Again, SSA compares poorly with other regions of the world in terms of population health-related indicators (Table  2). Relative to the world’s average of 70 years, life expectancy at birth in SSA was 54 years in 2010, an increase from 50 years in 2000. In 2010, OECD countries had the highest life expectancy at birth (79 years) followed by North America (78 years), East Asia and Pacific (73 years) and Middle East and North Africa (72 years).

Table 2. Population health indicators across regions in the world

Sanitation facilities and water source was well improved in North America with about 100% of the population having access in 2010. On the other hand, access to improved sanitation facilities and water source was 31% and 61% respectively in SSA, relative to 62% and 88% respectively for the world average. Again, relative to other regions and the world average, SSA was the worst performer in terms of Human Immunodeficiency Virus (HIV) prevalence with about 5% of the population between 15 and 49 years being infected with the virus in 2010 (Table  2).

Methods

Data and variables

The study pooled cross-section and annual time series data from 1995 to 2010 for 44 countries in sub-Saharan Africa.a The data used in the empirical analysis were sourced from the World Bank, World Development Indicators (WDI) [9].

The study uses life expectancy at birth, infant mortality rate and death rate as health status indicators. Life expectancy at birth was measured in years as average life expectancy of male and female population, infant mortality rate is measured per 1,000 live births and death rate measured as crude death rate per 1,000 people. Life expectancy has been criticised as a less accurate measure of population health relative to mortality rates due to measurement errors [23]. Healthy life expectancy at birth represents a broader measure of population health as mortality, morbidity, disability and other health indicators are considered in its measurement [6]. However, life expectancy at birth reflects how many years a person might be expected to live given prevailing mortality rates. Using the three indicators of health outcome will, therefore, allow for robustness in the analysis.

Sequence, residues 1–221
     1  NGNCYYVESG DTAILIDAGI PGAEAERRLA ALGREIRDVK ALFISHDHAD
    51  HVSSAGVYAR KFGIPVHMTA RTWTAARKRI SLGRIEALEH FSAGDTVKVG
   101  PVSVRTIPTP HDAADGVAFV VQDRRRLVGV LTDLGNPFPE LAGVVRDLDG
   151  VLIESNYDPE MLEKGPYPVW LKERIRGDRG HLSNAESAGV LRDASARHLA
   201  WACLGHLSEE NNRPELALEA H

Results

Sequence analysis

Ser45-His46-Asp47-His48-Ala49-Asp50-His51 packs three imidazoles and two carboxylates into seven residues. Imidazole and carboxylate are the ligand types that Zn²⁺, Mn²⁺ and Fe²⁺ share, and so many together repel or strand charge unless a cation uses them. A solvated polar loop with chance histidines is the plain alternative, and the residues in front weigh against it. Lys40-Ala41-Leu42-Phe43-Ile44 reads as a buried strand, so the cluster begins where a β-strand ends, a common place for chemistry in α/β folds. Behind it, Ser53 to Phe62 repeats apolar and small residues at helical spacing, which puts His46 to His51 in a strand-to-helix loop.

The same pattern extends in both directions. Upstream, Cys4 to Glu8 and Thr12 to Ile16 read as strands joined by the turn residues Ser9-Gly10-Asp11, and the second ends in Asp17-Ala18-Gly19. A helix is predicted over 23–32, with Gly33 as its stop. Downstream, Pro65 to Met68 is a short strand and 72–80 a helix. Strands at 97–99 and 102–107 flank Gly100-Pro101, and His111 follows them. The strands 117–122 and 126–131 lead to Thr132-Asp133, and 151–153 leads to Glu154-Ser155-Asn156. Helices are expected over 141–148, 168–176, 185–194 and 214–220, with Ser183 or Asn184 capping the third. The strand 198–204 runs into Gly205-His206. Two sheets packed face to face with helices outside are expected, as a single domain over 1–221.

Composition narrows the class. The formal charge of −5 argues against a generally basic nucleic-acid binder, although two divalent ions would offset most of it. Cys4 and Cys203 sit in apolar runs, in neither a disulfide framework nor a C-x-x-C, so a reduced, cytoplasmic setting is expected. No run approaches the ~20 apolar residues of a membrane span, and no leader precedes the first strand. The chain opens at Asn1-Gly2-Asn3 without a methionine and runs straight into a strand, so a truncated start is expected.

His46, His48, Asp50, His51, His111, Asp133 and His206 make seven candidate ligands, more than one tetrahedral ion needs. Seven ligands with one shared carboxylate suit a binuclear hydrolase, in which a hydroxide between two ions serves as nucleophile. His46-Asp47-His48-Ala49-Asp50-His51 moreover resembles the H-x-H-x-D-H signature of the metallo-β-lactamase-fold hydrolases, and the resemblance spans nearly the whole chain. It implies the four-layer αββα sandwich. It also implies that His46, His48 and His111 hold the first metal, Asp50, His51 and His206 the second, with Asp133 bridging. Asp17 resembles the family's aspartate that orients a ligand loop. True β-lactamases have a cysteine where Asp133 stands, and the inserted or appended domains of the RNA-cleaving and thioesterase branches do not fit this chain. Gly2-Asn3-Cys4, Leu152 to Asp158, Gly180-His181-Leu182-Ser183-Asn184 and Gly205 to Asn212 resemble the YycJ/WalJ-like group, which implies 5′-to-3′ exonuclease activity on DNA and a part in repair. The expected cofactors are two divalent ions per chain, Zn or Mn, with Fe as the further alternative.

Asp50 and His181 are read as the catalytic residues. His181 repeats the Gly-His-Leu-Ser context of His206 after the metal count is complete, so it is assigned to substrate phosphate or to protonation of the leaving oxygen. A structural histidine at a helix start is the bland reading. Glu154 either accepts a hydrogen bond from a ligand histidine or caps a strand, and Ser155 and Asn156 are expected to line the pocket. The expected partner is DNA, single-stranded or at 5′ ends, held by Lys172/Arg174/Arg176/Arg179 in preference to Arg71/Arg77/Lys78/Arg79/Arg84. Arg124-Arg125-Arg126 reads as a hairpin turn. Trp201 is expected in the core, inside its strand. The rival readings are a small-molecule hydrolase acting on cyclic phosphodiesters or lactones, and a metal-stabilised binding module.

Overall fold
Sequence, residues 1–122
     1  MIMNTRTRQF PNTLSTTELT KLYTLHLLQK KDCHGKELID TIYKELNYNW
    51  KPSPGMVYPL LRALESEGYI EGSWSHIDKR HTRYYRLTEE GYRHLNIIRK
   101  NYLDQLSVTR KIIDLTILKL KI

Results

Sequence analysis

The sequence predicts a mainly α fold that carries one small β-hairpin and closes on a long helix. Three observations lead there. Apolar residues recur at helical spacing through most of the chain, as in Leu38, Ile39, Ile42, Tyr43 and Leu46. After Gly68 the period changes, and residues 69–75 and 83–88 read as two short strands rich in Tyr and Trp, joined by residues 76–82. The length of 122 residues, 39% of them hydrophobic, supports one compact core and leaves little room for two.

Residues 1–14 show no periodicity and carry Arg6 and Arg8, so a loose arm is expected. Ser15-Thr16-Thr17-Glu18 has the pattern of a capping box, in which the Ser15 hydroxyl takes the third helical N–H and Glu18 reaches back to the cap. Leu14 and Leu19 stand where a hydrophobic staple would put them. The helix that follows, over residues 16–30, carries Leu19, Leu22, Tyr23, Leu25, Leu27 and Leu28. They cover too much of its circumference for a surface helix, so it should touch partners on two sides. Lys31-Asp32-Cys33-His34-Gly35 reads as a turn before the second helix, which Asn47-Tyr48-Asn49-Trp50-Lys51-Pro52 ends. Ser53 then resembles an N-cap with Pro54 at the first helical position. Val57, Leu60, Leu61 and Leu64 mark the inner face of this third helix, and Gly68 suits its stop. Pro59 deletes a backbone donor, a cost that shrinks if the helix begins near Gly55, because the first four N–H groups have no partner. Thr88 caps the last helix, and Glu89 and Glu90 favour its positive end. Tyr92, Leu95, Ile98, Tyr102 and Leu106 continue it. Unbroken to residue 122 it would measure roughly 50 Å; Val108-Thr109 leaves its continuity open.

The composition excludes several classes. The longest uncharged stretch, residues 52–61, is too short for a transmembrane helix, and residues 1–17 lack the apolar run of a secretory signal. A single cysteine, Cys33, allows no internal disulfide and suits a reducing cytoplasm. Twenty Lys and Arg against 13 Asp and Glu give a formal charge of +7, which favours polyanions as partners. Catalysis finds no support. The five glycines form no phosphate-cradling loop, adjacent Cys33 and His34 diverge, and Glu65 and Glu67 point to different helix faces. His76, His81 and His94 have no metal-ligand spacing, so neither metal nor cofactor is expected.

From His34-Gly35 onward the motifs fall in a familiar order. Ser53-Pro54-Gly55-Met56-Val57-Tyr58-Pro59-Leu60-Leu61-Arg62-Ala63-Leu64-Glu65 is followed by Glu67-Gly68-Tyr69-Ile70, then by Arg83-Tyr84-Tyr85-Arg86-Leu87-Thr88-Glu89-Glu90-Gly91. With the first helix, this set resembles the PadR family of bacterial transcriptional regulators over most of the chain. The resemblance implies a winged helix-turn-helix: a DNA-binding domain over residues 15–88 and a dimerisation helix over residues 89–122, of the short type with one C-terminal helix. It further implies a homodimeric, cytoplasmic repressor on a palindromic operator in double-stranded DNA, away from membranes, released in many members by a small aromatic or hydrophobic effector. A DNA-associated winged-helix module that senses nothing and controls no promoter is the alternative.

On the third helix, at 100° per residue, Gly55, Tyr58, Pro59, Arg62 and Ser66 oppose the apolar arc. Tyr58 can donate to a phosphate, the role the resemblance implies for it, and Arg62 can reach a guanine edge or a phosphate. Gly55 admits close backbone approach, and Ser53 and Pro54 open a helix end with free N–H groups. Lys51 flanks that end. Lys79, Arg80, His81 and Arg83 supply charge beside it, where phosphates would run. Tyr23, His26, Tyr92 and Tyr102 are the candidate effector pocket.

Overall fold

While total, public and private health care expenditures are measured as percentage of GDP, Income per head is measured as GDP per capita at constant 2000 US$. Higher health care expenditure is expected to relate to higher life expectancy at birth and lower infant mortality and death rates. Finally, different population age groups namely, age below 14 years, 15 to 64 years and above 65 years were measured as percentage of total population. These were included to control for the different country demographic structures. Relative to the younger population, the population age group above 65 years is expected to reduce health outcomes by increasing death rates [23]. To control for the varying levels of health status in SSA, HIV prevalence rate was included in the model. The variable was measured as the percentage of population living with HIV.

The model

The study starts with a health status model specified in a panel form as follows:

<a onClick="popup('http://www.healtheconomicsreview.com/content/2/1/22/mathml/M1','MathML',630,470);return false;" target="_blank" href="http://www.healtheconomicsreview.com/content/2/1/22/mathml/M1">View MathML</a>

(1)

<a onClick="popup('http://www.healtheconomicsreview.com/content/2/1/22/mathml/M2','MathML',630,470);return false;" target="_blank" href="http://www.healtheconomicsreview.com/content/2/1/22/mathml/M2">View MathML</a>

(2)

Where yit is a vector of dependent variables in country i at time t, X is a vector of exogenous variables, including the constant, and β is a vector of coefficients. εt is a vector of random error terms. Following Baltagi et al. [24], equation two decomposes the error process into a summation of two components; time variant and remainder error process. The error term is spatially correlated with the spatial weights matrix, W, and has spatial autocorrelation parameter μ.

For the purposes of this study, the following model specifications were estimated;

<a onClick="popup('http://www.healtheconomicsreview.com/content/2/1/22/mathml/M3','MathML',630,470);return false;" target="_blank" href="http://www.healtheconomicsreview.com/content/2/1/22/mathml/M3">View MathML</a>

(3)

Where HS represents three health outcomes (Life expectancy at birth, Infant mortality rate and Death rate) in country i in period t. HE is the total health expenditure as percentage of real national income. Y is per capita real income which acts as a control variable for the demand for health services and other economic factors. The variables POPU1, 2 and 3 represents population age groups of below 14, 15–64 and above 65 years respectively expressed as a percentage of total population. αi is time invariant and captures country-specific effect that was not included in the model. The error terms were assumed to be normally distributed. εit is the error term.

Total health care expenditure is further grouped into private and public health care expenditure. This was to allow for the analysis of the individual impact of each of these components. The model in equation three was therefore re-specified as follows;

<a onClick="popup('http://www.healtheconomicsreview.com/content/2/1/22/mathml/M4','MathML',630,470);return false;" target="_blank" href="http://www.healtheconomicsreview.com/content/2/1/22/mathml/M4">View MathML</a>

(4)